I avoided the large warted pumpkins, since I couldn’t carry them home anyway, and began pairing the littler ones to find the perfect combination.

After an embarrassingly long period of time spent “pumpkin pairing” I ended up with these guys:

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At 6:15 it was finally time to start my carving party.

Since I’ve never been very good at hand-carving pumpkins, I had two new techniques I wanted to try out:

1. Cookie Cutter Pumpkin “Carving”

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2. Drilling patterns into my pumpkinsdrilled pumpkins

First, I cut the lids and cleaned out all the goop at once. (No sense in getting all cleaned up and un-goopy just to get re-goopified later).

Next, I picked out my cookie cutter and grabbed my rubber mallet (which proceeded to break shortly thereafter).

I picked the biggest blemish, so that if things didn’t work out I’d rid myself of an ugly spot that would be on the backside of the pumpkin anyway. :)

Getting the cookie cutter started was the hardest part. I finally managed to get one point of the star wedged into the pumpkin, and then I worked in a circle on the other points until it was flush with the pumpkin. (If your husband is working late and unavailable to assist you, I recommend holding the pumpkin still with your feet).

Once it was finally flush, I was hoping the cookie cutter would be the same thickness as the pumpkin rind and pop right through. Of course, I wasn’t quite that lucky. Fortunately, my inferior mallet skills started forcing the inner star into the pumpkin, and with a bit of pressure I was able to pop the star through anyway!

Ta-da! Now Repeat!

(Feel free to skip the part where your mallet breaks and spins every time you attempt to hit cookie cutter, causing you to smash your fingers between cookie cutter and mallet…repeatedly). Ouch.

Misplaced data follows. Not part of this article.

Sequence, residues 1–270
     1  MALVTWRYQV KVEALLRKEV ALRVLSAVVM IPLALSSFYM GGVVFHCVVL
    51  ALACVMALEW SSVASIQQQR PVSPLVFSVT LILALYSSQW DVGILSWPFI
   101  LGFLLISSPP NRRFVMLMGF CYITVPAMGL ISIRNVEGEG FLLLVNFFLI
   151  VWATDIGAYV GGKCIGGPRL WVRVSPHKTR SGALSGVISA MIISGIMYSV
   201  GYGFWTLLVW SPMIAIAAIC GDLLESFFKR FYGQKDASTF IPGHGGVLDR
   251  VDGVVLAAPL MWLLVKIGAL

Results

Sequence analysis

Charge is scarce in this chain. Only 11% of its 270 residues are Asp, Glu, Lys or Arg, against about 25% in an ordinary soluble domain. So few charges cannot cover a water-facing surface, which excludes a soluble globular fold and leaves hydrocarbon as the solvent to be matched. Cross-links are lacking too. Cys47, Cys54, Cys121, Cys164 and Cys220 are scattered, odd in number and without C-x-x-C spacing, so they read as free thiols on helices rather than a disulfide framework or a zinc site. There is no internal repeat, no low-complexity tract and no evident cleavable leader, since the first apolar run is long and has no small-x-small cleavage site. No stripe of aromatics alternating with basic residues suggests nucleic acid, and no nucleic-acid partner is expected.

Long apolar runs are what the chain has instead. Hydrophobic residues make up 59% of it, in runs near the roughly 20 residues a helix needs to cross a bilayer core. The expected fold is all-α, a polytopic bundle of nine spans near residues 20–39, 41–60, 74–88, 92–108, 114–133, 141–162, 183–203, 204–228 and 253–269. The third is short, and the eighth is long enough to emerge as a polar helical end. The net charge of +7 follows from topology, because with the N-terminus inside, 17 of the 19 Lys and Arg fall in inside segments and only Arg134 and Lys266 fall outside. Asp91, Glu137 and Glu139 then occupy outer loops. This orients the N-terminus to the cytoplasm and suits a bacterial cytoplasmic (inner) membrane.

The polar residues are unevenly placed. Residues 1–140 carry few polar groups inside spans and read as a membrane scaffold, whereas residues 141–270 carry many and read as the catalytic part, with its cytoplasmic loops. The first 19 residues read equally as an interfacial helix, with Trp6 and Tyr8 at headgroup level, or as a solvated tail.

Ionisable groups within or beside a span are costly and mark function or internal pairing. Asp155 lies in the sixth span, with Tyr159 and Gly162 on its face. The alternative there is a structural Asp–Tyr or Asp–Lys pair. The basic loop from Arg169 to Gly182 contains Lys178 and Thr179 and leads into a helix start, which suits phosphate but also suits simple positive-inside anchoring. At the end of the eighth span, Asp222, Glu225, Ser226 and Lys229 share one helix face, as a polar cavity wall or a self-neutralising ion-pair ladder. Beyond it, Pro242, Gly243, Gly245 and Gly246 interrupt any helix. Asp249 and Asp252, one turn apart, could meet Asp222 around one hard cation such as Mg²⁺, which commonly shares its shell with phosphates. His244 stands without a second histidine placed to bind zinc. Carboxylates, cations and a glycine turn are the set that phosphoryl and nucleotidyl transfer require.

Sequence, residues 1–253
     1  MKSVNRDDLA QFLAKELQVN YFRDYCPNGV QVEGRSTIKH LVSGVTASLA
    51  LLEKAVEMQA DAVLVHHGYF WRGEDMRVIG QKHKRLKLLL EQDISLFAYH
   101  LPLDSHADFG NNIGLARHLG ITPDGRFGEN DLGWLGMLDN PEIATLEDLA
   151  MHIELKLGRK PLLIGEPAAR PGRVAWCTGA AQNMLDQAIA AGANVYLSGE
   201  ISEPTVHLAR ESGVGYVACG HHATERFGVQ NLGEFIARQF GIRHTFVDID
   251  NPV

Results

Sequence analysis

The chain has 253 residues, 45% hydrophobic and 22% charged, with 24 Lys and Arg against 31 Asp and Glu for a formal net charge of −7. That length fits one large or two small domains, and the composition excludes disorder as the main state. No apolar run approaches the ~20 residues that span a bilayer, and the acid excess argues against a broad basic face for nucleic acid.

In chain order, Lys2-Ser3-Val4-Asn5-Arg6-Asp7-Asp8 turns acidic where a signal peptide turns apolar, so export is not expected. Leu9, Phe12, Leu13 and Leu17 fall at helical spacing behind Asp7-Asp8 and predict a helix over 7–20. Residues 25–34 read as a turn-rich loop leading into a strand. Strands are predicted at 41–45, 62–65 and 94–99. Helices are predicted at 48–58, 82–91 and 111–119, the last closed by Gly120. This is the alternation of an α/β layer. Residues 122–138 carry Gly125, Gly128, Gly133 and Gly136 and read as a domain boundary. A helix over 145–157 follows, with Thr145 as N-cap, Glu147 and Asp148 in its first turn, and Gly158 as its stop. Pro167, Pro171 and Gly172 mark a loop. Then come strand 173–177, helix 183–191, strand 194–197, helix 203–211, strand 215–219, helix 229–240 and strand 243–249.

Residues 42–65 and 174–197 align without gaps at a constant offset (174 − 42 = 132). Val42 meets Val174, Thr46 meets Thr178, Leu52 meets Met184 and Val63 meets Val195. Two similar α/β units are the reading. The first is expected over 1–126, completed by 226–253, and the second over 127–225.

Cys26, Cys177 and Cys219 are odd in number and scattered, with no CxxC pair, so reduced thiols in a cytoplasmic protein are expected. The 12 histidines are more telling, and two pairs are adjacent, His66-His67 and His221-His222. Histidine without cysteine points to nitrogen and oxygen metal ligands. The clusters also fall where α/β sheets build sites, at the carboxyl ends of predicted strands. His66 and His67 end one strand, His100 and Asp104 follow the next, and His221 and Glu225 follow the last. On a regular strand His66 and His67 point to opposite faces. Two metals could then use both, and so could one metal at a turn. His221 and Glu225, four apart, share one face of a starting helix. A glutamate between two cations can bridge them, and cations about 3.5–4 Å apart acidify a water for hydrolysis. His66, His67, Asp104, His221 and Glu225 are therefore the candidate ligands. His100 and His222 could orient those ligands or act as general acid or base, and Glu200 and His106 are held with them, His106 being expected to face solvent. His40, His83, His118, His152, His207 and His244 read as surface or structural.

For my next pumpkin, it was time to bring out the drill. (My fingers needed a break).

I tested out a few drill bits on scrap pumpkin stars before I decided on the 1/4 inch bit. After that, I just went for it. The drill moved through the pumpkin like butter! This technique is a dream!

I decided to combine the two techniques on my last pumpkin, but used a smaller drill bit (for variety’s sake).

Here’s what happens when your pumpkin rind is much deeper than your cookie cutter. Whoops. But don’t worry, it still works out – and it even made a clean crescent moon that I didn’t need to clean up with my knife afterward!

Then I attempted to drill a galaxy of sorts around my moon.

Here’s how all three look lit up!

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The biggest surprise came when I saw how the star pumpkin acted like a projector, shooting stars all over the room. I just love it!

After seeing the pumpkins lit, I definitely prefer the cookie cutter method. I need to experiment with the drilling method more, and plan things out a bit better next time. It was certainly the easiest pumpkin carving I’ve ever done, but I’m not sure the payoff is as rewarding as a traditional jack-o-lantern.

And…because no blog entry is complete without me messing things up a bit:

My baby pumpkins are now topless, because the lids started burning shortly after I finished taking photos. So…that’s the biggest disadvantage of choosing mini pumpkins and scooping out less pumpkin goop. Lesson learned.

Happy Halloween!